It can be especially helpful to focus on new hobbies that help to build both your physical and mental health, and Spirituality Health shares some valuable suggestions. You may want to try out Tai Chi or yoga, or reach out to do some volunteer work with a group that sparks a passion for you. Practical crafts can also be good hobbies to try for those working on recovery, such as knitting, woodworking, gardening, or cooking. You may also want to try out a hobby that connects you to animals, as time with dogs and other animals can reduce stress and boost your mental health. In addition, anything that gets you outdoors can be great for your mental and physical health too.

Boredom is a bad thing for people working to put an alcohol or drug addiction behind them, so finding healthy ways to fill up the hours of the day is essential. While your new sober life will include plenty of commitments to maintaining your sobriety, developing new hobbies can be critical to your success. Whether you go back to a healthy hobby you used to love or branch out and try something new, you will see your mental health strengthen and your stress levels decrease, and the socialization aspect will be a big benefit as you rebuild your life.

 

Thai Carrot Salad

Photography by: Sonia Lyons

After tinkering around with a recipe sent to me by a friend, I came up with the recipe for Thai Carrot Kale Salad below.  Now that summer is here, I make this recipe every week or so.  It’s crunchy and delicious, does not require heating up my kitchen with the oven.

Thai Carrot Salad Recipe

  • 1 lb shredded carrot (I use rainbow colored carrots)
  • 1/4 large thinly sliced red onion
  • Large bunch of kale destemmed and chopped
  • 2 C sriracha peanuts
  • Thumb sized grated ginger root
  • 1/4 C soy sauce
  • 1/4 C lime juice
  • 2 t sesame oil
  • 1/4 C maple syrup
  • 2 T chili garlic sauce

Directions

Place all ingredients in a large bowl and mix it up!

Can be made it bulk, and stays fresh for two weeks in the fridge.

 

 

 

 

 

 

Orange Lilies, Vincas and Baby Zucchini 

My friend E, who lives in The States, recently mailed me some lily bulbs and Vinca seeds! My sister SAL mailed us some black beauty zucchini seeds as well! Since both items arrived with our neighbor, who recently returned from The States, on Monday, I thought I’d get them all into the ground together.  Here is a picture of the spot in which I planted them.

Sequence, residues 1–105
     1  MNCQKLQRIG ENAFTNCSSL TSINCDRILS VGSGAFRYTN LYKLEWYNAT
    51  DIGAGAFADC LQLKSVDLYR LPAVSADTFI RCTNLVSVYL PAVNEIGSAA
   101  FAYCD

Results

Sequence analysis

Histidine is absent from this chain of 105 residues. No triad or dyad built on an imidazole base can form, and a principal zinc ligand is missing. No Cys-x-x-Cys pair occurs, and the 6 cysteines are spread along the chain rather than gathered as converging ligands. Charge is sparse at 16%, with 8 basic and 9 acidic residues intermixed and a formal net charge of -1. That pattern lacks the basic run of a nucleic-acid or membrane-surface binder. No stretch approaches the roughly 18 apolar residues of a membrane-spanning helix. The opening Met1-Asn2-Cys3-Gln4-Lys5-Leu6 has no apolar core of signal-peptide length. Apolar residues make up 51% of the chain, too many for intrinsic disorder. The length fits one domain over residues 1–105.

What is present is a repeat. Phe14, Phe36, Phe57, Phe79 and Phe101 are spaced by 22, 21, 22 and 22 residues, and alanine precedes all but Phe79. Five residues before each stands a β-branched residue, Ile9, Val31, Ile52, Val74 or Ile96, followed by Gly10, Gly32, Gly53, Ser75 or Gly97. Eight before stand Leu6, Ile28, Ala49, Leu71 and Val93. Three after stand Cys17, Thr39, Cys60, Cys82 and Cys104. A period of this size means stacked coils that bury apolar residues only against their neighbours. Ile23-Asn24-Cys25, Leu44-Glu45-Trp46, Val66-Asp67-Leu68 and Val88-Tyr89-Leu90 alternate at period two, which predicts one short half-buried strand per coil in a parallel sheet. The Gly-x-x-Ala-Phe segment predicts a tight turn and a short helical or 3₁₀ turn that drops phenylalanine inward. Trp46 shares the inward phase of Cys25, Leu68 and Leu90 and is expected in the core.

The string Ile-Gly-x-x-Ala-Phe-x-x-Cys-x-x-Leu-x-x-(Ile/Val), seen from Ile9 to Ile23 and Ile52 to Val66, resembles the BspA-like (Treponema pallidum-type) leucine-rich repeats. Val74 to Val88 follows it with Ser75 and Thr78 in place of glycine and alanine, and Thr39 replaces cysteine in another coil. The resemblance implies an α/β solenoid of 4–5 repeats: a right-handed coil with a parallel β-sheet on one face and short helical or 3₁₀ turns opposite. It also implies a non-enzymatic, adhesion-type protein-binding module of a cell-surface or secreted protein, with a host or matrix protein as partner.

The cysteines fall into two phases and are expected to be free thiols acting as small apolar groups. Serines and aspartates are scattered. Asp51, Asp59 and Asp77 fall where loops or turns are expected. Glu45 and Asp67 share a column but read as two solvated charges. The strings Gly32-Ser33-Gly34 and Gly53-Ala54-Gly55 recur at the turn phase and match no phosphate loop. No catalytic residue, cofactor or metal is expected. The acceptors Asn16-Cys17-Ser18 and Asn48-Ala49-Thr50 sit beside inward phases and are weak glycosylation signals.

I’m excited to see a few days later some green shoots are popping up from the lilies.

 Can’t wait to see the other plants pop up too!
Here are some of the other plants along the wharf:

The banana forest, herb and salad garden and flower garden area.

Our banana forest is producing another bunch of bananas 🍌! 

Here are some of the plants from the salad & herb garden:

Mint

Sweet Marjoram

Red striped amaranth (an edible salad leaf, eaten raw or cooked)

Seedlings of Red above 

Katuk (edible salad, raw or cooked)

Mexican Oregano 

Rosemary 🌹 

Acorn Squash

Lemon Guava 

Rue

Yay gardening! 

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Southwest Chicken Pie

I found this shredded chicken recipe last week and it was delicious!  I made a double batch, using the salsa chicken I made in the crockpot that same day,and ended up freezing half. I also made a few modifications and substituted/added ingredients I had on hand and needed to use up. Tonight I pulled out the pie crust I made recently from this piecrust recipe and decided to thaw out the chicken I saved to make a casserole pie!

Ingredients (prepwork in parentheses) 

  • 1 lbs Yuca Root or Potatoes (peeled, chopped and par-boiled)
  • 1 lb chicken breasts (cooked and shredded) OR 3 cups Salsa Chicken (do not add tomato, pepper, onionor cilantro below, if using salsa chicken)
  • 3 tablespoons butter
  • 3 tablespoons flour
  • 1/4 cup water or broth
  • 1 cup yogurt (strained thick)
  • 1/2 cup onion  (chopped) optional – do not add if using salsa chicken
  • 1/2 cup  bell pepper (chopped) optional – do not add if using salsa chicken
  • 1/2 cup tomato (chopped) optional – do not add if using salsa chicken
  • 1/2 lb cooked (or can) beans 
  • 1/2 can sweet whole corn 
  • 1 teaspoon cumin
  • 1/2 teaspoon salt
  • 1/2 teaspoon pepper
  • 1 tablespoon fresh cilantro or 1 teaspoon dry (chopped) optional –do not add if using salsa chicken
  • 2 cup cheese, divided (shredded)
  • 1 pie crust (rolled out to fit casserole dish)

Directions 

  1. After doing all the prep work above, see parentheses next to each ingredient, put all items, except 1 cup cheese and pie crust, in stand mixer. Stir on lowest setting until ingredients are all incorporated making the filling for the casserole. Add a little water if it doesn’t resemble thick batter. Should be thick but sorta pourable.
  2. Put crust into lightly greased casserole dish, pierce with fork, press out air bubbles.
  3. Pour filling into prepared casserole pan with pie crust. Sprinkle remaining cheese over top.